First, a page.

And we haven’t even begun to talk about the whole storyline with Susan Orlean and John Larouche, which begins as a fairly routine relationship between a journalist and a charming and intelligent, if crass and uncouth, subject. By the end of the film they’re chasing the brothers into the swamps of Florida and ready to murder them for discovering their affair. How we got from watching Charlie torture himself to adapt The Orchid Thief into a useable screenplay to this noir ending is baffling even after you’ve seen the film. But most of the joy is in watching the screenplay smartly and methodically lay down each of its cards one at a time.

Of course when a film is blessed with a cast as diverse and talented as this, that most certainly goes a long way in allowing for an audience to be a little lost and confused and not minds too much. Lead by Nicolas Cage, in one of his last great performances before selling his soul out to questionable choices like National Treasure and Ghost Rider, and brilliantly supported by Meryl Streep and Chris Cooper, Adaptation has got one of the all-time great ensembles. Cage’s double performance is a masterpiece, embedding each distinct brother with a fully realized personality and letting them battle each other is a great deal of fun. Streep and Cooper are, of course, great, but Cooper’s magnetism and unexpected sensitivity and poetry in his role is truly something great to watch. He deserved that Oscar. And it’s nice to see Streep letting her hair down, freak flag fly and generating laughs, most notably in the scene where she’s high and trying to get Cooper to help her recreate a particular dial tone.

Tilda Swinton, Maggie Gyllenhaal (who for me has always been a more interesting and better actor than her brother), Brian Cox and Cara Seymour help add even more color and originality to a film ready to pop with those very things. Swinton, so subtle and smart, plays a movie executive and with one blink of an eye or half-smile can totally destroy Charlie. And Cox as Robert McKee is obviously having a grand time playing someone who stopped giving a fuck a long time ago.

Charlie Kaufman and Spike Jonze make for a great pairing. Kaufman’s scripts are smart and delicate, they require someone who can juggle their variations in tone and styles, and Jonze seems to deeply understand his work and have mastered that particular art of juggling. Wouldn’t it be great to see them collaborate for a third time?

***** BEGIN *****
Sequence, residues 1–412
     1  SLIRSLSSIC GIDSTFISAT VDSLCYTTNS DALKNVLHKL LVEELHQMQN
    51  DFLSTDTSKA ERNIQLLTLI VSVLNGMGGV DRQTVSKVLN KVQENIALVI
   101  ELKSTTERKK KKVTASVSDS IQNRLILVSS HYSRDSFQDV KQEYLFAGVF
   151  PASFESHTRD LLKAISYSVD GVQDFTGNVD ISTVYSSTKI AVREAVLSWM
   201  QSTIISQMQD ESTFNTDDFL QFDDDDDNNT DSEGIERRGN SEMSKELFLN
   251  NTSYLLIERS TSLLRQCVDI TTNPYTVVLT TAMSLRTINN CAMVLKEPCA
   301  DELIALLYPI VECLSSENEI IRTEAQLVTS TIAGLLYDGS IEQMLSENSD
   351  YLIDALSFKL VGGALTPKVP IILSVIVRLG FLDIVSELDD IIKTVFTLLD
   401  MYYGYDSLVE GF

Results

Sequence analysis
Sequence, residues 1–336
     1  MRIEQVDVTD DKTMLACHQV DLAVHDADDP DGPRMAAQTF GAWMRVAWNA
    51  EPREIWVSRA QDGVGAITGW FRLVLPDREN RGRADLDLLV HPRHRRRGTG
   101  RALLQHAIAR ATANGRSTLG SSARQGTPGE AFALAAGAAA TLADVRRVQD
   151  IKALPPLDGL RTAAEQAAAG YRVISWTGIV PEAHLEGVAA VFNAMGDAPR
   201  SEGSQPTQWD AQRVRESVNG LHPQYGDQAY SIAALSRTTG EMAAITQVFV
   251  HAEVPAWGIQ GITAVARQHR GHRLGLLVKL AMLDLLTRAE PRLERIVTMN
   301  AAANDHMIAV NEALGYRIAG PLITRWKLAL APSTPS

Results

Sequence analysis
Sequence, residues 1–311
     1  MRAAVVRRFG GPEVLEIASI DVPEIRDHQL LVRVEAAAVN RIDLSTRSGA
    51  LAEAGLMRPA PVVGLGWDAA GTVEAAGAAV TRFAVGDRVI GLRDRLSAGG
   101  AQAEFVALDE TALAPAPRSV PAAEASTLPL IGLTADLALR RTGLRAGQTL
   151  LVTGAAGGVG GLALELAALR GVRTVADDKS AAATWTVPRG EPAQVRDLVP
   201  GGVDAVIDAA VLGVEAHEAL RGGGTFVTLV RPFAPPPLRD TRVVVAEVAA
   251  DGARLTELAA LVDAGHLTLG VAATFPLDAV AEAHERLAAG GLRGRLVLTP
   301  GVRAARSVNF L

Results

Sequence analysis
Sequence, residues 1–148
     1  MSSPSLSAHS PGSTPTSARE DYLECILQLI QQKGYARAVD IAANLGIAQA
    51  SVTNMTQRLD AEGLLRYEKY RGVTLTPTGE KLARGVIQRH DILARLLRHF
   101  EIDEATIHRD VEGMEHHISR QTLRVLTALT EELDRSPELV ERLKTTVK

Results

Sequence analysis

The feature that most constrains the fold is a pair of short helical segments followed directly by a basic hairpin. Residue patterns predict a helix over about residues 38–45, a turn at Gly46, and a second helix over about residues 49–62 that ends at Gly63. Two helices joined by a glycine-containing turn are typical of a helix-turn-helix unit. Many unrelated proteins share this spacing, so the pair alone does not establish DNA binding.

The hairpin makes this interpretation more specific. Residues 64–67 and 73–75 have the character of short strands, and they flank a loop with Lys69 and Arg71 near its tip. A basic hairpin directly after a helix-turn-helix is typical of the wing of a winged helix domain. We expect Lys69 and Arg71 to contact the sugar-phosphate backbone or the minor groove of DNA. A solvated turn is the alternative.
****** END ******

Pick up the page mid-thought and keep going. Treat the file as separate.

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Adaptation review

Posted : 5 years, 10 months ago on 6 January 2013 09:36

Late 80's to the mid-2000's. That's when Nicolas Cage was at his best. Not to say he has dwindled, but he now appears in unlikable mainstream movies and not the likable arthouse films like he used to. Adaptation is his third-to-last best contribution. To date it is his most likable, straight from the soul performance yet. He felt right at home and everything he did was right on the money. Regarding the film, I absolutely love narrative-driven movies with a-lot of focus on the character and his/her day-to-day routine. It gives off a nice touch, a nice reeling feeling. The film memorably opens up with Nic Cage narrating about himself. The film has barely progressed past the credits stage and you already have jumped into the mind of Charlie Kaufman - the character's name AND the screenwriter's name (Adaptation is a semi-biographical meta-film). This is different from other films as in you get to see the whole creation of the story. You actually get to see the legos being stacked up, and in my opinion, was better executed than Shadow of the Vampire, an almost similar film in the same vein but of a different genre.

Charlie Kaufman - the real one - has some really sharp writing skills and once again gave a film that is witty, humorous, intelligent and brilliantly, but not ostentatiously, presented. It is a quirky, sometimes sad, film with likable personalities and amazing pairings. Who could've thunk that Nic Cage could perform better alongside himself? Although not polar opposites, one was optimistic, soft, and the other was aggressive, insecure. Nic Cage and, er, Nice Cage pt. 2 ruled all the present tense moments, whereas Meryl Streep and Chris Cooper were the show-stealers in the past tense.